Which gets us to the blizzard of January, 1971. A packed gymnasium of 800 students were waiting for John (800 may not sound like a lot ... but it was an amazing turnout ... remember there's only about a thousand students total on campus ... and it's a very small Michigan town ... thus, 800 was a tremendous crowd). They waited ... and waited ... and Falk says they were getting agitated.
"They were really getting antsy. I was on stage and had just said that we will provide you with refunds. We don't know where Mr. Denver is. We are very, very sorry."
Suddenly the side door to the gym opened and an arm came through with a snow-covered guitar, "I turned and looked and the crowd just erupted. We went from a riot to ecstasy in the swing of about ten seconds."
John came in and dusted snow off himself. He had walked about two miles through the heavy blizzard because his car had broken down en route to the college.
Falk remembers telling John that he'd "never been so glad to see anybody in my life." And John replied, "I promise you, man, you won't regret it."
"I remember that like it was yesterday," Falk says, the happiness of relating this story in his voice, "It was just a level of sincerity about that."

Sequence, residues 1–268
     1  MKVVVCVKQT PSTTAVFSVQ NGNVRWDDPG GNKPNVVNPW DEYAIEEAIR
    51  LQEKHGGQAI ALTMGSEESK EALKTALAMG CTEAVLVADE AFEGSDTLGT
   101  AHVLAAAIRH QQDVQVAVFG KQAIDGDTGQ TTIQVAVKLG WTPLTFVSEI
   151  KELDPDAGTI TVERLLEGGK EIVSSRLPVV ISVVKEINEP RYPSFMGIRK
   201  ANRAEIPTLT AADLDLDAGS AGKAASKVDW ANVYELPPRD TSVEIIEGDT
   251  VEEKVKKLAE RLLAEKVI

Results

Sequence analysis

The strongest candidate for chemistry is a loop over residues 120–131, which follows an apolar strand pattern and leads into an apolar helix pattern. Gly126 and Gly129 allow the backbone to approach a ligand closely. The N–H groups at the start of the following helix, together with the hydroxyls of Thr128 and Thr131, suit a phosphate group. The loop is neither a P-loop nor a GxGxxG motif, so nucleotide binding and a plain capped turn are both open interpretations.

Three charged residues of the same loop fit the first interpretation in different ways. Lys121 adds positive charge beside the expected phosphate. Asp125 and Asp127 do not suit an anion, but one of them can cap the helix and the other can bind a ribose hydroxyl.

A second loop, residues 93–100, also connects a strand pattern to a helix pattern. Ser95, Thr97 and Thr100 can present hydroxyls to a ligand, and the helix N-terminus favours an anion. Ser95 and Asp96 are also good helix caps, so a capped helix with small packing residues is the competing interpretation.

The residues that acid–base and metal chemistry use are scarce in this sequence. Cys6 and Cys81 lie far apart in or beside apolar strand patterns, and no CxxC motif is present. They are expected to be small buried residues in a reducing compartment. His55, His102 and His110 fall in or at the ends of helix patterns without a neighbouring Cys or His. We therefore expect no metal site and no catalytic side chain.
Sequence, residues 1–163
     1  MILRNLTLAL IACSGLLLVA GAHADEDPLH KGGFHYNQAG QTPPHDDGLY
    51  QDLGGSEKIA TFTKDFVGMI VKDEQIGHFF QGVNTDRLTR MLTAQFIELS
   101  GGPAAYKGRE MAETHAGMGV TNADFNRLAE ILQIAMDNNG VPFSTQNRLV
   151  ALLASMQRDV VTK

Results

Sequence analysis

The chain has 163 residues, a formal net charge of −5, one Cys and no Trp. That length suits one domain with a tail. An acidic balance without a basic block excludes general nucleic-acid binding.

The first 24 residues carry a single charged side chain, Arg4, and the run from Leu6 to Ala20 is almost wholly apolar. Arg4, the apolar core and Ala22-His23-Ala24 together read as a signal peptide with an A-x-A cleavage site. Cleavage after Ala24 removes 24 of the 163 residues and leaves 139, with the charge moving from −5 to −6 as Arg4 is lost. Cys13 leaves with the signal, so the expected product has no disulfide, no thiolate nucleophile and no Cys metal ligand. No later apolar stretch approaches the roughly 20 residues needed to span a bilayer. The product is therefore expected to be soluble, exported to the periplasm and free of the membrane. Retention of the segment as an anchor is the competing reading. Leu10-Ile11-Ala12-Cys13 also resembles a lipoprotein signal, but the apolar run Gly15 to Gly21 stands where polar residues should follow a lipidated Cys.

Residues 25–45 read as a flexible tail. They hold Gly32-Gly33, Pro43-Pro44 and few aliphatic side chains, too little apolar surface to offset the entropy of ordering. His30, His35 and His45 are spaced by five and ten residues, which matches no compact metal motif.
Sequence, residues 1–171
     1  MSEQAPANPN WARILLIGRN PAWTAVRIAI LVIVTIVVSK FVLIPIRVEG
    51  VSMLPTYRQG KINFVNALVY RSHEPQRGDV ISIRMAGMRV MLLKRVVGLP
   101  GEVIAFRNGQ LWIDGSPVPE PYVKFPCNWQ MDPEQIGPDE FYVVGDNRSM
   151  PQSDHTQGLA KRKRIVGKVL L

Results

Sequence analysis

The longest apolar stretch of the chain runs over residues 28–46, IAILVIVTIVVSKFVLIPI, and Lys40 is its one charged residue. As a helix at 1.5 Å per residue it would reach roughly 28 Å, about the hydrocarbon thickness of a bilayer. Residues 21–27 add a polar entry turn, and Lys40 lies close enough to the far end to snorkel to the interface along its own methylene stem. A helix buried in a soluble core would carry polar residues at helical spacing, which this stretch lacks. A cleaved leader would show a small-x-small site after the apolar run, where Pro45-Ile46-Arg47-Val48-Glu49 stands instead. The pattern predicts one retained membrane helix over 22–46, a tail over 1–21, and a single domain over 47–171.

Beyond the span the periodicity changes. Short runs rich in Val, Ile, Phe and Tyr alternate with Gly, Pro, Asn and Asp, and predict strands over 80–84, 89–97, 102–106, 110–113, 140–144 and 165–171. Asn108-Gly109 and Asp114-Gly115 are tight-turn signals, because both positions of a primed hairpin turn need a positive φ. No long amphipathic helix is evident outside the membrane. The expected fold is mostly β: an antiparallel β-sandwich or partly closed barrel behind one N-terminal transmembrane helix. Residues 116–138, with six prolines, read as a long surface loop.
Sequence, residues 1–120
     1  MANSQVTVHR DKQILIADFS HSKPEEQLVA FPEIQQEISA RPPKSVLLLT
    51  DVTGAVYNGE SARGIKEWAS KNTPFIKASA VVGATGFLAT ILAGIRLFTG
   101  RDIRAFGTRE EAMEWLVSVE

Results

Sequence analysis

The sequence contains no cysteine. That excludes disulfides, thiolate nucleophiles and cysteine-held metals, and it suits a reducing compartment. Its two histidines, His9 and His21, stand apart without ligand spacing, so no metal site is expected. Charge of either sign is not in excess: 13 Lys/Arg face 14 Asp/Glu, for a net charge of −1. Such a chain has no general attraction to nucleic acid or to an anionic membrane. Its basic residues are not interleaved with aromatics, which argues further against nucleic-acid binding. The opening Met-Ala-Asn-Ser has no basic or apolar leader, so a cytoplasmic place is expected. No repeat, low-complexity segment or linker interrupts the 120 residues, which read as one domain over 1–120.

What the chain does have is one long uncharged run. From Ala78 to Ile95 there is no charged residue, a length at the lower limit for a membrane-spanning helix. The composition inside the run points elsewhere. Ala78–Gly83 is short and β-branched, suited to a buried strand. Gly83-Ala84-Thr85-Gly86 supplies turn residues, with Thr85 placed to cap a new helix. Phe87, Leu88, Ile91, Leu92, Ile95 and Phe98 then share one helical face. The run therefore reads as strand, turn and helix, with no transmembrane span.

The audience loved him. "You had people that were just enthralled with this guy. They couldn't wait to be in his presence. He put on a dynamic performance."
"John is my fondest memory of that entire experience of booking groups. He was a cut above the typical entertainer. It was not a job to him. You have to realize that at that time, there was an incredible arrogance amongst performers. John Denver was the antithesis of that arrogance. Unlike many other entertainers, he was human, he was gentle, he was a real person."
"John had time. He had an intangible charisma. He had the ability to assure a young man, as I was, that it would be o.k." And that message meant much to young students who are trying to figure out just exactly what they want to do in life and what's it all about; he gave you the feeling "he'd make it o.k."